Secret soundtracks in the darkness
Matt Hill contributes bass and beats to progressive-psych band Expo ’70, but he has his own project on the side. As his alter ego, Umberto, Hill plays craftsman, sculpting idealized film scores for obscure old horror films. Night Has A Thousand Screams is his latest project, created for the Glasgow Music and Film Festival earlier this year. The Festival hyped
Umberto’s appearance as a live soundtrack performance for a secret film. He chose a cult favorite slasher flick called Pieces (1982), by Spanish director Juan Piquer Simón, as his inspiration.
The album’s 10 tracks follow the flow of the movie, allowing the listener to absorb every menacing moment. The first track, “Boston, 1942” covers the opening scene with its back story for the film’s killer. A child is playing with a
jigsaw puzzle. Chastised by his mother, he ends up murdering her. Umberto’s
music sets an expectant vibe with chiming tubular bells against mysterious
sweeping synth drones. A grinding bass line ratchets into the tune to represent
the violence. Umberto uses electronic distortion, sirens, and the persistent
chimes to create a sense of unreality paired with heavy action. These bells become
one of the motifs throughout the score. The next tune, “Opening Credits”,
establishes a couple of other recurring themes. One is a bass run that suggests
the intro to Michael Jackson’s “Thriller”. This crops up during “The
Investigation”, “The Waterbed”, and “Paralyzed”. It’s usually accompanied by an
inexorable beat and shimmering keyboards.
Umberto’s soundtrack also relies on a lot of spooky
underwater sounds that link several of the murders to the killer’s obsession
with puzzles. Several of the tracks reference specific attack scenes in the
film. The strongest of these is “The Pool”. It begins with the underwater
theme, but picks up a stalking electronic beat. Initially, the music is simple,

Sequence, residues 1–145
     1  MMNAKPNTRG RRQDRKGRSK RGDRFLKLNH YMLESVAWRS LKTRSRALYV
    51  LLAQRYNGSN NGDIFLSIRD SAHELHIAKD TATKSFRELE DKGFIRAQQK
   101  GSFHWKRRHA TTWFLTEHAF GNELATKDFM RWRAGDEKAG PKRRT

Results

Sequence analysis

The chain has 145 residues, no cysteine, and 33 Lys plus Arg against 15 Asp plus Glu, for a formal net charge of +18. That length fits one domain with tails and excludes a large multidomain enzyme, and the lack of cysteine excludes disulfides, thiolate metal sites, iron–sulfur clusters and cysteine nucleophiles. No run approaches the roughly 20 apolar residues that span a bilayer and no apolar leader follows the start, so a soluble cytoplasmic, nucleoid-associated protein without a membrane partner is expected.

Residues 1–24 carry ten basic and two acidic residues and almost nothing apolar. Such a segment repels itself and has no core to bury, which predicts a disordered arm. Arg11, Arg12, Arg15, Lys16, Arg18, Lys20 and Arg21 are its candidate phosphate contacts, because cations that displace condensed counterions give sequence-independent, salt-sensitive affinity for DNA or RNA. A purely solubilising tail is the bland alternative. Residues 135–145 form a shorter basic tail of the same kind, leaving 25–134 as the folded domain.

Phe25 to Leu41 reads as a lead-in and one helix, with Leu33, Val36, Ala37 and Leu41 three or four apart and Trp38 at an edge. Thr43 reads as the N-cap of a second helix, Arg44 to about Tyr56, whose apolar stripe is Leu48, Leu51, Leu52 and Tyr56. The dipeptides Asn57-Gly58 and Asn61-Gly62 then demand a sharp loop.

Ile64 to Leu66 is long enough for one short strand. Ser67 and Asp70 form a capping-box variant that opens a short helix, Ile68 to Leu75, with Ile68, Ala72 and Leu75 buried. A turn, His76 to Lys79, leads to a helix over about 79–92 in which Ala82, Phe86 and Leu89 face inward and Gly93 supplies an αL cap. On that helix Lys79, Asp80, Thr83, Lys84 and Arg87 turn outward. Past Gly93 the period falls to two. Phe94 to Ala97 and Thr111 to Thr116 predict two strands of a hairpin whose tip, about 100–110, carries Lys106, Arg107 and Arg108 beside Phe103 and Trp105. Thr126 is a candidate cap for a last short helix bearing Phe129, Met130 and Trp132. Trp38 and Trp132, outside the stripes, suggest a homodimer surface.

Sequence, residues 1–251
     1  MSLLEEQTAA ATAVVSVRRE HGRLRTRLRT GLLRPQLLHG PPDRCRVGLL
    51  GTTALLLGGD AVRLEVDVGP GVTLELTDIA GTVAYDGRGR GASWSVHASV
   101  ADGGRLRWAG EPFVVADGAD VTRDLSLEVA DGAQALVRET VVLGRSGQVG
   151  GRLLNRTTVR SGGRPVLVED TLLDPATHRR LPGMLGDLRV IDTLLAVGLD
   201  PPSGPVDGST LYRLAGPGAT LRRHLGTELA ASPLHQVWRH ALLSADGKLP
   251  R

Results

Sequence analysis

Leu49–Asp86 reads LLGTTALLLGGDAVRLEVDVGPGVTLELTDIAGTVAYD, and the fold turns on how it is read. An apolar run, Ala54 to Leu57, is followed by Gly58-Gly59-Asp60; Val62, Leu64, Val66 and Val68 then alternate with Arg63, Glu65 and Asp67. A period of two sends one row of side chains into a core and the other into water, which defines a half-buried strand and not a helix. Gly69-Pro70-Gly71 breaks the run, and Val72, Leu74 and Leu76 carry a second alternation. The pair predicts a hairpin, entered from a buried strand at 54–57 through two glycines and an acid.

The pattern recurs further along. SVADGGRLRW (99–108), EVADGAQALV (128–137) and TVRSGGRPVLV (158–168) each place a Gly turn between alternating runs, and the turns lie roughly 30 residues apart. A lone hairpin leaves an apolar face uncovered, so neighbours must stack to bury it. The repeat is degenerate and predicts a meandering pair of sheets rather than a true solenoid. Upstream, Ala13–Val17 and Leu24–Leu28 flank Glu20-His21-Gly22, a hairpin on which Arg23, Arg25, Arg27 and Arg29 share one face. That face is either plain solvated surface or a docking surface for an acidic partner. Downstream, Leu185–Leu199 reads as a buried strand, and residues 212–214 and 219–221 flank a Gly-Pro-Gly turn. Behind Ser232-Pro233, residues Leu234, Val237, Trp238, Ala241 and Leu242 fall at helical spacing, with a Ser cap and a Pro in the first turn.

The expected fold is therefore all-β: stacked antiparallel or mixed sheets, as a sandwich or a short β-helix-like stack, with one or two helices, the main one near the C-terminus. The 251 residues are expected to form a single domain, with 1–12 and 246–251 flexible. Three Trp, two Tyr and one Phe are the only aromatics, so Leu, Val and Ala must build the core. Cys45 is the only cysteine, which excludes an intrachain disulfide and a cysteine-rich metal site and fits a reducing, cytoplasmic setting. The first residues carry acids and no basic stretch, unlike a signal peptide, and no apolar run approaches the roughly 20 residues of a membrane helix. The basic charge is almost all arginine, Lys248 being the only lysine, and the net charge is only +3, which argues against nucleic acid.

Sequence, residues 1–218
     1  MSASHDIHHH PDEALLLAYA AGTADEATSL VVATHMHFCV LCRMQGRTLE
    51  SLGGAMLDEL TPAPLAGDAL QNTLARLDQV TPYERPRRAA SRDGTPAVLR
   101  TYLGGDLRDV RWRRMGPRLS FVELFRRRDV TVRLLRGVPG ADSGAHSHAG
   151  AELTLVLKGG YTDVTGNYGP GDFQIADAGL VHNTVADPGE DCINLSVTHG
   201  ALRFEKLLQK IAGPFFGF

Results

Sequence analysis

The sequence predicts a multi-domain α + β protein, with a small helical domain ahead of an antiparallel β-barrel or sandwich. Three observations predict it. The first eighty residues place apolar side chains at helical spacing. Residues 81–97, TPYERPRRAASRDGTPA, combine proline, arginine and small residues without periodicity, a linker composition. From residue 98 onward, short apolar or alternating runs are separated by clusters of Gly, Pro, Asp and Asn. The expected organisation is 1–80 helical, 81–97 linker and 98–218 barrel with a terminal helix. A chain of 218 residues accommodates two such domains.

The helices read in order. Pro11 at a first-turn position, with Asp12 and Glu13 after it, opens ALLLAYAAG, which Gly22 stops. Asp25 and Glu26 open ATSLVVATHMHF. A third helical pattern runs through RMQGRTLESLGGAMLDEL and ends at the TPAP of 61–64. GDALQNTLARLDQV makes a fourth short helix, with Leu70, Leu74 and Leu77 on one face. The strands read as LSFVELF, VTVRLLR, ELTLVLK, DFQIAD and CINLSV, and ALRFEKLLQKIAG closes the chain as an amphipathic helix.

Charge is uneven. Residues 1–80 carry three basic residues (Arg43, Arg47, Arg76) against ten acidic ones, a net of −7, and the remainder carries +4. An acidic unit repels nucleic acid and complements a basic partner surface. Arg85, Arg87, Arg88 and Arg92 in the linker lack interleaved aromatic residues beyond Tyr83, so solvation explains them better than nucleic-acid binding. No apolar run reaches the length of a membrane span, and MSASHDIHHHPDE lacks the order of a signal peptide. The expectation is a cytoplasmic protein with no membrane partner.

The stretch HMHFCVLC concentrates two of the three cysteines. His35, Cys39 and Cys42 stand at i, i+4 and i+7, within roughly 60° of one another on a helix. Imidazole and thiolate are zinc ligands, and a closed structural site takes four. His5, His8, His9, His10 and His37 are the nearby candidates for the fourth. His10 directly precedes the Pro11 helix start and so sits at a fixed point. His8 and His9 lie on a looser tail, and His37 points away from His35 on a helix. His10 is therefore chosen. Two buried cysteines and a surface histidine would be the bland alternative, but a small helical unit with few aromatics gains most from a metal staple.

setting the scene of a young woman unaware of the coming threat. But the pressure
builds as a heavier rhythm falls into place, until a sinister climbing melody
line finally reveals the psychotic killer to his terrified victim. The track
ends with the release of a grinding bass tone.
Night Has A Thousand Screams is a well designed film
score. More than just an accompaniment to the action, it provides another
medium to appreciate the story and feel of the movie. That live performance in Glasgow must have been a
heady experience as Umberto’s trance grooves enhanced the suspense of Pieces.
The music captures an ambiance of creepy tension, taking advantage of the same
formula that horror films use to heighten the impact of violence. The songs
begin with a calm setup, followed by the initial hint of threat that eventually
builds. But like the best directors, Umberto breaks the flow occasionally to
offset expectations, such as his slow-motion free fall section in “Paralyzed”.
But the final strike is inevitable.
Even as Umberto aspires to soundtrack greatness, he has
a slightly different perspective from most composers in this genre. Knowing
that few listeners will get the full effect of pairing his music with the film,
he’s structured his album for independent listening as well. Pieces vary in
length from a bare minute for “Opening Titles” to the sprawling 10 minute
“Paralyzed”. The longer tracks reuse the motifs of his musical lexicon, but
they also work as standalone songs. Without the context of Pieces, listeners
can still enjoy the music journeys, with trippy explorations, chill trance
progressions and revelatory build ups.
(This review originally appeared on Spectrum Culture)